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Chuckable natural stone tile edge chipping tool
6668817 Chuckable natural stone tile edge chipping tool
Patent Drawings:Drawing: 6668817-2    Drawing: 6668817-3    Drawing: 6668817-4    
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(3 images)

Inventor: Staker
Date Issued: December 30, 2003
Application: 10/086,463
Filed: February 28, 2002
Inventors: Staker; Michael L. (Orem, UT)
Assignee:
Primary Examiner: Nguyen; Dung Van
Assistant Examiner:
Attorney Or Agent: Fox, III; Angus C.
U.S. Class: 125/36; 451/358; 451/44
Field Of Search: 125/36; 451/358; 451/360; 451/352; 451/44; 451/344; 30/164.5; 30/164.6; 30/164.7; 30/164.8
International Class:
U.S Patent Documents: 2554763; 3381418; 3656920; RE29108; 5243790; 5595170; 5669744; 5765615; 5787588; 5906244; 5910202; 5947103; 5947806; 6199545; 6299518
Foreign Patent Documents: 08053411
Other References:









Abstract: A method and tool for chipping the edges of natural stone tile may be used to give the tile a used or rustic appearance. The tool includes an axially-rotatable, cylindrical member having an array of studs affixed or embedded in the cylindrical surface. A drive shaft, affixed to one end of the cylindrical member, may be inserted within the chuck of a powered drill motor or other similar powered device. A handle is rotatably coupled to the opposite end of the cylindrical member. For a preferred embodiment of the invention, the handle consists of a tubular sleeve which is rotatably mounted on bearing races over a support shaft that is rigidly and coaxially affixed to the cylindrical member. In order to use the tool, the drive shaft is secured within the chuck of a drill motor or other similar device designed to provide powered rotary motion to a shaft. With the operator holding both the drill motor and the handle of the chipping tool, the rotating studded cylindrical member is moved along and against the edge of a piece of natural stone tile. The edge of the tile is thereby chipped or abraded.
Claim: What is claimed is:

1. A natural stone tile edge chipping tool comprising: a cylindrical chipping member having an array of studs affixed to an external surface thereof, said cylindrical chippingmember also having a longitudinal rotational axis; a drive shaft coaxially affixed to a first end of the cylindrical chipping member, said drive shaft couplable to a chuck of a hand-held drill motor; and a handle affixed to the other end of thecylindrical chipping member, said handle being coaxially rotatable with and independently of the cylindrical chipping member.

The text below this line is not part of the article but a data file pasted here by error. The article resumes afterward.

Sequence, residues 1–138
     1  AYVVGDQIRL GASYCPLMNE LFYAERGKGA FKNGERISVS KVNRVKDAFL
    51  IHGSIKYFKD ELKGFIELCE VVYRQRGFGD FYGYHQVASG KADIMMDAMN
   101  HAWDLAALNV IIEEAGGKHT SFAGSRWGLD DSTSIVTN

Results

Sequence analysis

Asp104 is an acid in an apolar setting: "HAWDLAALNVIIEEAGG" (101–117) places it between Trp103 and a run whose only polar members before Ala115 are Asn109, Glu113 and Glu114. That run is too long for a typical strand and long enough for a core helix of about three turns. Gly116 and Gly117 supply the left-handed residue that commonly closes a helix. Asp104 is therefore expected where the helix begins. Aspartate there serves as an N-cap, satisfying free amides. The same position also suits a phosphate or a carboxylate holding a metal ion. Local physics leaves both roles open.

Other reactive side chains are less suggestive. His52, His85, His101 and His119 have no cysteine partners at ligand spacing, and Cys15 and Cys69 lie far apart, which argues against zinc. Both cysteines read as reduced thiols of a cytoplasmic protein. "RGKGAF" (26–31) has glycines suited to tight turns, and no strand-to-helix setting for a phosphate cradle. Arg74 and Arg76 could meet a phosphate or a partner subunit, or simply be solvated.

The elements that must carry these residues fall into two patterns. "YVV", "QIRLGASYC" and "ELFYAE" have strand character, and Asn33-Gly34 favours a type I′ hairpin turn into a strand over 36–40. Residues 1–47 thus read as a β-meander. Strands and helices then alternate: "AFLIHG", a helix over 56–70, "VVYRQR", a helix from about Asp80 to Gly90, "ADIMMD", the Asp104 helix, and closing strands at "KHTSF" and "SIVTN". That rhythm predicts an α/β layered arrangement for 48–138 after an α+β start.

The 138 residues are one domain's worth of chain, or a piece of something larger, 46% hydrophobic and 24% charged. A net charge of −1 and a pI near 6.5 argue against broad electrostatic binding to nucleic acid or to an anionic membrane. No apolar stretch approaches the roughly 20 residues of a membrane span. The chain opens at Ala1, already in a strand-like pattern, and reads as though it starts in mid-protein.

2. The tool of claim 1, wherein said cylindrical chipping member comprises a cylindrical body and a plurality of studs, each stud being a glob of metal welded to the cylindrical body.

3. The tool of claim 1 wherein the cylindrical chipping member and affixed studs are manufactured as a unit via investment casting.

4. The tool of claim 1 wherein the cylindrical chipping member and affixed studs are manufactured as a unit via sand casting.

5. The tool of claim 1, wherein the cylindrical chipping member and affixed studs are manufactured as a unit via a forging process.

6. The tool of claim 1, wherein the cylindrical chipping member and affixed studs are manufactured as a unit from a steel billet.

7. The tool of claim 1, wherein said handle comprises: a handle shaft affixed to a second end of the cylindrical chipping member, said handle shaft being coaxial with the cylindrical chipping member; at least a pair of ball-bearing assembliespositioned on the handle shaft; and a handle sleeve slipped over the ball-bearing assemblies and rotatable coaxially with respect to the handle shaft.

8. A tool for abrading edges of natural stone tile, said tool comprising: a cylindrical chipping member rotatable about its axis, said chipping member having an array of studs affixed to an external surface thereof; a drive shaft coaxiallyaffixed to one end of the cylindrical chipping member, said drive shaft couplable to a chuck of a hand-held drill motor, which provides rotary motion to the drive shaft and cylindrical chipping member on demand; and a handle shaft affixed to an oppositeend of said cylindrical chipping member; a handle sleeve coaxially mounted over said handle shaft, said handle sleeve being rotatable coaxially and independently with respect to the chipping member.

9. The tool of claim 8, wherein said handle shaft and said handle sleeve are coupled via at least a pair of ball-bearing assemblies which fit over the handle shaft and are positioned spaced-apart from one another, the handle sleeve sliding overthe ball bearing assemblies.

10. The tool of claim 8, wherein the cylindrical chipping member and affixed studs are manufactured as a unit via investment casting.

11. The tool of claim 8, wherein said cylindrical chipping member comprises a cylindrical body and a plurality of studs, each stud being a glob of metal welded to the cylindrical body.